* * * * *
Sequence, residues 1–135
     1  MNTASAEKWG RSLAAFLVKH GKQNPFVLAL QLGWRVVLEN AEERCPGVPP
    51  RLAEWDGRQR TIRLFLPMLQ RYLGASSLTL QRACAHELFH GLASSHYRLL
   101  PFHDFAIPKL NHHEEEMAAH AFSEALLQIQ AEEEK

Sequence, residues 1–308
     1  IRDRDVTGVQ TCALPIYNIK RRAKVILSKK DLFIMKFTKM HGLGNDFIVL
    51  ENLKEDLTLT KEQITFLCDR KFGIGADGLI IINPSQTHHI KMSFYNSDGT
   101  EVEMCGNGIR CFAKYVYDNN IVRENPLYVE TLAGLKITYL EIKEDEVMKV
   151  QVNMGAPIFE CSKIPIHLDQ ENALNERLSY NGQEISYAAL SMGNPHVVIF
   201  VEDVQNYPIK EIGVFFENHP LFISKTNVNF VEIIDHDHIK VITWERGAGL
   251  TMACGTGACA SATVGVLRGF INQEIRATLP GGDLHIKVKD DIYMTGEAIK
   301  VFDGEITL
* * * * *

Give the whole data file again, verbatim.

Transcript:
Sequence, residues 1–135
     1  MNTASAEKWG RSLAAFLVKH GKQNPFVLAL QLGWRVVLEN AEERCPGVPP
    51  RLAEWDGRQR TIRLFLPMLQ RYLGASSLTL QRACAHELFH GLASSHYRLL
   101  PFHDFAIPKL NHHEEEMAAH AFSEALLQIQ AEEEK

Sequence, residues 1–308
     1  IRDRDVTGVQ TCALPIYNIK RRAKVILSKK DLFIMKFTKM HGLGNDFIVL
    51  ENLKEDLTLT KEQITFLCDR KFGIGADGLI IINPSQTHHI KMSFYNSDGT
   101  EVEMCGNGIR CFAKYVYDNN IVRENPLYVE TLAGLKITYL EIKEDEVMKV
   151  QVNMGAPIFE CSKIPIHLDQ ENALNERLSY NGQEISYAAL SMGNPHVVIF
   201  VEDVQNYPIK EIGVFFENHP LFISKTNVNF VEIIDHDHIK VITWERGAGL
   251  TMACGTGACA SATVGVLRGF INQEIRATLP GGDLHIKVKD DIYMTGEAIK
   301  VFDGEITL